• blurred vision.

This is not a complete list of side effects and others may occur. Call your doctor for medical advice about side effects. You may report side effects to FDA at 1-800-FDA-1088.

See also: Side effects (in more detail)

Ixazomib dosing information

Usual Adult Dose for Multiple Myeloma:

This drug is only given in combination with lenalidomide and dexamethasone; consult the manufacturer product information for dosing of lenalidomide and dexamethasone.

Recommended dose: 4 mg orally on Days 1, 8, and 15 of a 28-day cycle

Comments:
-Prior to initiating a new cycle of therapy:
1) Absolute neutrophil count should be at least 1,000/mm3
2) Platelet count should be at least 75,000/mm3
3) Nonhematologic toxicities should, at physician discretion, generally be recovered to patient baseline condition or Grade 1 or lower
-This drug should be taken once a week on the same day and at approximately the same time for the first 3 weeks of a 4 week cycle.
-This drug should be taken at least 1 hour before or at least 2 hours after food.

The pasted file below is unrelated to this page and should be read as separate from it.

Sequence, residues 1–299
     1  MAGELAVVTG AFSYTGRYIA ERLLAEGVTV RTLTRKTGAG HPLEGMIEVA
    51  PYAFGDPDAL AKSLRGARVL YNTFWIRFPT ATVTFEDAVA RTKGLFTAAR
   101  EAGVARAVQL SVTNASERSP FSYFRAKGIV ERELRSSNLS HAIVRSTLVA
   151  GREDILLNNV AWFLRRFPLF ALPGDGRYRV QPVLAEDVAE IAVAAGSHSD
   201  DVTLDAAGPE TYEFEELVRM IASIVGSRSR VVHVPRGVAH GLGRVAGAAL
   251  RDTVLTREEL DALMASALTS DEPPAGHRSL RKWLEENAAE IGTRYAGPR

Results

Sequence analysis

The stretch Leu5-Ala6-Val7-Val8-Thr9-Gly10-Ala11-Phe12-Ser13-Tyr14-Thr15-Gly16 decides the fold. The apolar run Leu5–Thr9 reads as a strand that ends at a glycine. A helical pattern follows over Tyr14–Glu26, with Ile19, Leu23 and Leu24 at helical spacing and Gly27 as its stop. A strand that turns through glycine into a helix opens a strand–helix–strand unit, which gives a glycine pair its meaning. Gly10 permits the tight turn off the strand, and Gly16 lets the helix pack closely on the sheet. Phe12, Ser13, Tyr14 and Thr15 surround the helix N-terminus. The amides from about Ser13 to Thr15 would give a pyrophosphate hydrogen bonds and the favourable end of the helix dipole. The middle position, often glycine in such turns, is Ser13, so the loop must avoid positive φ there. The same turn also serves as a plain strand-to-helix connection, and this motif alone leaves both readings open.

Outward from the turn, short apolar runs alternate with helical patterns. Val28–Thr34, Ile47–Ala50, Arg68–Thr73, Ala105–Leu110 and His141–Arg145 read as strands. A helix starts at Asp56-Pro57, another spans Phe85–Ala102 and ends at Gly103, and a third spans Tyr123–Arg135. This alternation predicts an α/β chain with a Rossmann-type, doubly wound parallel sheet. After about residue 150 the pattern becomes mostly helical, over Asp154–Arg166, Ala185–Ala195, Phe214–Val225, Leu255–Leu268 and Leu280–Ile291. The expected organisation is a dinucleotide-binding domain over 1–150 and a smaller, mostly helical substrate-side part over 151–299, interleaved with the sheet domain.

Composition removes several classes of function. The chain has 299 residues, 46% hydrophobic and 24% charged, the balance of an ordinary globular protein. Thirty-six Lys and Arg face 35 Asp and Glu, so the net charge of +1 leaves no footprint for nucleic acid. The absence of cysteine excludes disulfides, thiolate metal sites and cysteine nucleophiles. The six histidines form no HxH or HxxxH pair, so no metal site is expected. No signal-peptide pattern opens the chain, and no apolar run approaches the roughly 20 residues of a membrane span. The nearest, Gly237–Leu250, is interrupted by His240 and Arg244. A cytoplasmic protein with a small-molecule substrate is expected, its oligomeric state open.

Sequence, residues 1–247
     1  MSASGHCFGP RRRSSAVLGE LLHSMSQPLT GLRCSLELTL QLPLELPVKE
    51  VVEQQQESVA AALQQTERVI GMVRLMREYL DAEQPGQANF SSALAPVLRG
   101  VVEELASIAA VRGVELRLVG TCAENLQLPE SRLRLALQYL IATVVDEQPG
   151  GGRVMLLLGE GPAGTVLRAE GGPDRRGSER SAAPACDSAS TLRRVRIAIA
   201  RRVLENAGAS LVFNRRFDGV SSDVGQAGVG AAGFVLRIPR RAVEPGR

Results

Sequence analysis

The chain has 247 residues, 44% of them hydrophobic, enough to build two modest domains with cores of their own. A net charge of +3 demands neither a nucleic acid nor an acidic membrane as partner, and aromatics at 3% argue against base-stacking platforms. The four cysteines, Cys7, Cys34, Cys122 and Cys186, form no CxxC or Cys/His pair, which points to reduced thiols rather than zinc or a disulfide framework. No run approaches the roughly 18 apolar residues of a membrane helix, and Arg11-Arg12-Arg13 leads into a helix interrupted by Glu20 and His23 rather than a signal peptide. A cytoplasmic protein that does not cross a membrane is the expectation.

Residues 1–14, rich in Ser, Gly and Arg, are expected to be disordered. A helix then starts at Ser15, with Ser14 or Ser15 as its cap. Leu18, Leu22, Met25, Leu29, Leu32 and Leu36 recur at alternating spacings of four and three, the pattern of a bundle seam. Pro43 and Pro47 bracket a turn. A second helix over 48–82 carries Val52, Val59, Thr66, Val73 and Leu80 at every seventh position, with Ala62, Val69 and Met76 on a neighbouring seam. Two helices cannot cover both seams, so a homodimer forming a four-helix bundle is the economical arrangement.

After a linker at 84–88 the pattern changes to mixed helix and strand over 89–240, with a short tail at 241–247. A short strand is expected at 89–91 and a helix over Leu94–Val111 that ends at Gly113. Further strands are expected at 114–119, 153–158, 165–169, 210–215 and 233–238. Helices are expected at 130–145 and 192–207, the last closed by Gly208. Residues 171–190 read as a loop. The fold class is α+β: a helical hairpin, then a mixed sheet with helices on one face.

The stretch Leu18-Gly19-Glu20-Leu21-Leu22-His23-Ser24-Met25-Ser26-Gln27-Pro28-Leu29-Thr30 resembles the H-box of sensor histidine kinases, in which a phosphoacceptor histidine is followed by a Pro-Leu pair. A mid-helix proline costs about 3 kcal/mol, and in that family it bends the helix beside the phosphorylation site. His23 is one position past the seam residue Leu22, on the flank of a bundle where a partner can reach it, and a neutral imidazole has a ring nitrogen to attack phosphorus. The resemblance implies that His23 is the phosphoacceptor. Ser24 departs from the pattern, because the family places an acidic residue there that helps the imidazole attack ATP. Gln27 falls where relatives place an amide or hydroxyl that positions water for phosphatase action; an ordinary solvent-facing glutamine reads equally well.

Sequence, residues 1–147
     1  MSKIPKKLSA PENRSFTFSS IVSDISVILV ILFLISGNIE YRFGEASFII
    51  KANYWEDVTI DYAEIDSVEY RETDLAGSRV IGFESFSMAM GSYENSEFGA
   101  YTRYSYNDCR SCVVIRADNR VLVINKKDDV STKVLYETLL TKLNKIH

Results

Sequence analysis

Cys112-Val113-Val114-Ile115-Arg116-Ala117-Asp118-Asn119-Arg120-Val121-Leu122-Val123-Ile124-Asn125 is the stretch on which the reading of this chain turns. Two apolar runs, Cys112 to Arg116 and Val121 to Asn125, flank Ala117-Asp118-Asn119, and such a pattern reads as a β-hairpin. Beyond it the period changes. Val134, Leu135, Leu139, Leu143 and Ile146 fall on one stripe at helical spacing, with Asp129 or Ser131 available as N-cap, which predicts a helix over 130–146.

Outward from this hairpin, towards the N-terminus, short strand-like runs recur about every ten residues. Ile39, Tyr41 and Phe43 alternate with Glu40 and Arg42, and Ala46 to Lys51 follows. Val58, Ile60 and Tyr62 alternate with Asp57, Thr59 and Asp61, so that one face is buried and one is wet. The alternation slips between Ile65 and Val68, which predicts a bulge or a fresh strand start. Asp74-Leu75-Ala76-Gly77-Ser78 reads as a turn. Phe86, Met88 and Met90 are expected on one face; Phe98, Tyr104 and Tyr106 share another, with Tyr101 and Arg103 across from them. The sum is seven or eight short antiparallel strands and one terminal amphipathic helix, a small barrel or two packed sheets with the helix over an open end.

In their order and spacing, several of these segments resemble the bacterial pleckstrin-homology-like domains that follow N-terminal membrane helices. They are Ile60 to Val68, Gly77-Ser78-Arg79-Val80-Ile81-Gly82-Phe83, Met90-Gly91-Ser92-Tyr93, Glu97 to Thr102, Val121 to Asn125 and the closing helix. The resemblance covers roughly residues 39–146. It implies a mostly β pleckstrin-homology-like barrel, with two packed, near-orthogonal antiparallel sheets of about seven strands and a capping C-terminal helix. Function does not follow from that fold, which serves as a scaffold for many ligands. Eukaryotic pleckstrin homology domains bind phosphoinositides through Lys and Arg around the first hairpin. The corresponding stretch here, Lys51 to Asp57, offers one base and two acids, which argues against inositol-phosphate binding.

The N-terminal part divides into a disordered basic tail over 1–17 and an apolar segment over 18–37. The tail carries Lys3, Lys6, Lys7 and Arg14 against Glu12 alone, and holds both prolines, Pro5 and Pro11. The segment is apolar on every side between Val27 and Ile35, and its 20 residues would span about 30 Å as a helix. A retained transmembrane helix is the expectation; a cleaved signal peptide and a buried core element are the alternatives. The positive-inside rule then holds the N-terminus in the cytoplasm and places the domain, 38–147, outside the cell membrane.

-The whole capsule should be swallowed with water (not crushed, chewed, or opened)
-If a dose is delayed or missed, the dose should be taken only if the next scheduled dose is 72 or more hours away. A missed dose should not be taken within 72 hours of the next scheduled dose. A double dose should not be taken to make up for the missed dose.
-If vomiting occurs after taking a dose, the patient should not repeat the dose. The patient should resume dosing at the time of the next scheduled dose.
-Treatment should be continued until disease progression or unacceptable toxicity.

Use: Treatment of multiple myeloma (in combination with lenalidomide and dexamethasone) in patients who have received at least one prior therapy

What other drugs will affect ixazomib?

Other drugs may interact with ixazomib, including prescription and over-the-counter medicines, vitamins, and herbal products. Tell each of your health care providers about all medicines you use now and any medicine you start or stop using.